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Op-ed: Lower alcohol limit means more people of color will be improperly stopped

Published March 19, 2017 1:45 pm
This is an archived article that was published on sltrib.com in 2017, and information in the article may be outdated. It is provided only for personal research purposes and may not be reprinted.

In many post-legislative discussions, Rep. Norm Thurston's HB155, which would lower the state's legal limit for blood alcohol content in drivers, gets lumped together with other alcohol-related legislation. You know, those laws that set our state apart from the rest of the country when it comes to how we deal with commercially-available alcohol.

The private clubs. The Zion Curtain. The whole "you can't order drinks until you order food" thing. And now we are the only state in the union where the blood alcohol content threshold for officially "driving under the influence" (DUI) is .05.

But HB155 should not be shrugged off as just other "quirky" Utah approaches to alcohol. The very real ramifications of this bill go beyond making Utah stand out as a little different — and they are serious enough to concern the ACLU of Utah.

Alcohol policy, per se, is not necessarily in our wheelhouse. But racial injustice and mass incarceration certainly are. And HB155 has the potential to implicate both.

Up at the Capitol during the session, there was plenty of grousing and joking about the new proposal among those on the Hill who imbibe — including your ACLU of Utah lobbyists!

But in reality, most of those who work at the statehouse are in very little danger of being pulled over and breathalyzed at the new low limit.

Because here's the reality: The people who are most likely to be pulled over for minor driving infractions that could be interpreted as the result of low-level intoxication — crossing into another lane, forgetting to signal, rolling through a stop sign — are people who are not white. And the vast majority of state legislators, Capitol Hill staff and lobbyists are very much white.

The ACLU and other organizations have shown, time after time, through multiple lawsuits, that black and brown drivers are much more likely to be pulled over by law enforcement than white drivers. This is not necessarily the result of intentional discrimination on the part of law enforcement. Rather, poorly informed training, and a historic focus on people of color for the purposes of drug law enforcement, have contributed to implicit bias that is extremely difficult to counter.

We fear that this new law, if it is signed by the governor and goes into effect at the end of 2018, won't only result in more stops, more arrests, more criminal charges, more time behind bars and more collateral consequences flowing from convictions — including the loss of one's driver's license.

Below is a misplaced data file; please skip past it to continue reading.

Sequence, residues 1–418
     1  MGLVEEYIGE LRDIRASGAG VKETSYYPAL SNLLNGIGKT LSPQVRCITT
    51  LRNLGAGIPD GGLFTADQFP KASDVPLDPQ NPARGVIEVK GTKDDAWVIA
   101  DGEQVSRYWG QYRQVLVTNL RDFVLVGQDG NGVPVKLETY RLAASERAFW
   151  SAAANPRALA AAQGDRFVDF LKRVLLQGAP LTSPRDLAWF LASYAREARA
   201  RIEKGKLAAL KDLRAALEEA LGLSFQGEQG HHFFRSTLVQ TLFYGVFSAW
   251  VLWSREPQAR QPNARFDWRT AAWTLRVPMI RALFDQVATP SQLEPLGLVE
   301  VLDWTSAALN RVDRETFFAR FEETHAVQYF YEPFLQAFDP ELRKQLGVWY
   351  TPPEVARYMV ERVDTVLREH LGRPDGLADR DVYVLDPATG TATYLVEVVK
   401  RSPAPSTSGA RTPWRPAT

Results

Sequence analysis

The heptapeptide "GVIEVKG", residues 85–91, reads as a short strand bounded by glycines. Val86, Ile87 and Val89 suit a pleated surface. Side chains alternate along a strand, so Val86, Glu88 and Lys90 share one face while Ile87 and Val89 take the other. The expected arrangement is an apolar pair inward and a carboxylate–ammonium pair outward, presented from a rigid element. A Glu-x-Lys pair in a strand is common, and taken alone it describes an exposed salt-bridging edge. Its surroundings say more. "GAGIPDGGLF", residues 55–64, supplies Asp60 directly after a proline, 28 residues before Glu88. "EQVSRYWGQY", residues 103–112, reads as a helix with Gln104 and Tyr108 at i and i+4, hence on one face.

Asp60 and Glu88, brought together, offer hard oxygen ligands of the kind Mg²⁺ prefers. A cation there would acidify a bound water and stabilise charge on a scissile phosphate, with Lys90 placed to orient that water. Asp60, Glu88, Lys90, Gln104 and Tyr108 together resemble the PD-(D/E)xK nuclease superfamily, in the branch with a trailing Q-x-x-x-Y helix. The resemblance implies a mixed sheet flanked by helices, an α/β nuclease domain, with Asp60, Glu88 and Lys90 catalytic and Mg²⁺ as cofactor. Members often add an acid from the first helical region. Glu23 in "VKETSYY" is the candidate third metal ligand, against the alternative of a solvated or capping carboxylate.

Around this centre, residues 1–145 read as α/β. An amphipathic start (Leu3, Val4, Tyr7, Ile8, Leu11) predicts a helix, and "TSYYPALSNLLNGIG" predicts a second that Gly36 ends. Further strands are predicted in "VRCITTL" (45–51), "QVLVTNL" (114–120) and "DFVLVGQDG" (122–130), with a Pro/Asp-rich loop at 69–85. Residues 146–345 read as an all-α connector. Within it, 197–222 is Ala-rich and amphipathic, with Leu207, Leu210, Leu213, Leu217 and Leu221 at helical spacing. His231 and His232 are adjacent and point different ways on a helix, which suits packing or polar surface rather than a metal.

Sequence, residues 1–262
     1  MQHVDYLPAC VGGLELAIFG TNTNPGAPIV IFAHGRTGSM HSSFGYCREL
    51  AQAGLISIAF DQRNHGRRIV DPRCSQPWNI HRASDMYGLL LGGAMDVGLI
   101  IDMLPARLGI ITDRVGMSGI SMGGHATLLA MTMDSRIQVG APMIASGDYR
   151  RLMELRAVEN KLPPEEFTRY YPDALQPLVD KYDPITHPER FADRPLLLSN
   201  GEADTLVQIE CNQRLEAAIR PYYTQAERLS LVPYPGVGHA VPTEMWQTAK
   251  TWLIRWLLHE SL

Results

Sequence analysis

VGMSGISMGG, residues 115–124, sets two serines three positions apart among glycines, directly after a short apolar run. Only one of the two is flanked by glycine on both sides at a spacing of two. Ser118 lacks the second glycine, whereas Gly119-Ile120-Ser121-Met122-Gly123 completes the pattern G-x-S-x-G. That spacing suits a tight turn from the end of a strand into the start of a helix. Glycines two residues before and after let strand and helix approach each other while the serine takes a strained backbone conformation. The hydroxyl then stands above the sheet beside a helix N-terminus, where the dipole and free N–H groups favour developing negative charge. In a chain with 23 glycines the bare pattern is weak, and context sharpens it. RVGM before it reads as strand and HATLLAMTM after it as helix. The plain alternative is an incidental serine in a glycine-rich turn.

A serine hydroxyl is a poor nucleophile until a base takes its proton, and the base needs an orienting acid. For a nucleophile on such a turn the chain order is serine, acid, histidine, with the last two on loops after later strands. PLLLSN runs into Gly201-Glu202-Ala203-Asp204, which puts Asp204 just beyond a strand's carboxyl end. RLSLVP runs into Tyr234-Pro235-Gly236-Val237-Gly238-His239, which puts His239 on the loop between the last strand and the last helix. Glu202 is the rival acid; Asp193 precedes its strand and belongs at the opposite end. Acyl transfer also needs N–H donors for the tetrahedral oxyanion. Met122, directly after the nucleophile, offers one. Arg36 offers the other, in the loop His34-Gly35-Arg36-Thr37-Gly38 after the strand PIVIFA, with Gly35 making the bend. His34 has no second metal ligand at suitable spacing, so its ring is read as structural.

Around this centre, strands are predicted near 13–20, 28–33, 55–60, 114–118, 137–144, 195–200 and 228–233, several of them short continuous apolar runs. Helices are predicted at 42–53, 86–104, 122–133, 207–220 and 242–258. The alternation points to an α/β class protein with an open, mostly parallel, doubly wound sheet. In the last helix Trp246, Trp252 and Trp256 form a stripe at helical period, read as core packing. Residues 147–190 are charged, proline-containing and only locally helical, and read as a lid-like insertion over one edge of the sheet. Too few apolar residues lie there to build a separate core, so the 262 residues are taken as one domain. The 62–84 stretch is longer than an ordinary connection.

We are certainly concerned about these consequences. But we're specifically concerned that this law will not have proportional impacts across all communities. It is possible that white drivers will continue to drive at or above the new legal limit without ramifications, while non-white drivers will experience the brunt of the negative impacts associated with this unnecessary law.

The public safety benefits we reap from lowering the level of impairment to 0.05 percent are nowhere near as dramatic, proportionally, as what we accomplished by lowering the legal limit to 0.08. (It is telling that Mothers Against Drunk Driving and local law enforcement were lukewarm on the bill.)

At the same time, the unintended negative consequences of this legislation's implementation would fall much more heavily on communities of color in Utah. Not because people of color commit more driving infractions, but simply because they are more likely to be pulled over.

We encourage Gov. Gary Herbert to think seriously about the potential impacts of this legislation and to consider using his veto power to send it back to the drawing board. HB155 has an implementation date of December 2018. Why not veto this legislation, and spend the intervening two years discussing how this law might impact vulnerable communities?

People of color throughout Utah, immigrants and refugees in particular, already feel uniquely targeted and fearful right now. We should not add to their experience of persecution through likely disproportionate enforcement of laws that don't produce any measurable public safety benefit in our communities.

Anna Thomas is the strategic communications manager of the ACLU of Utah.






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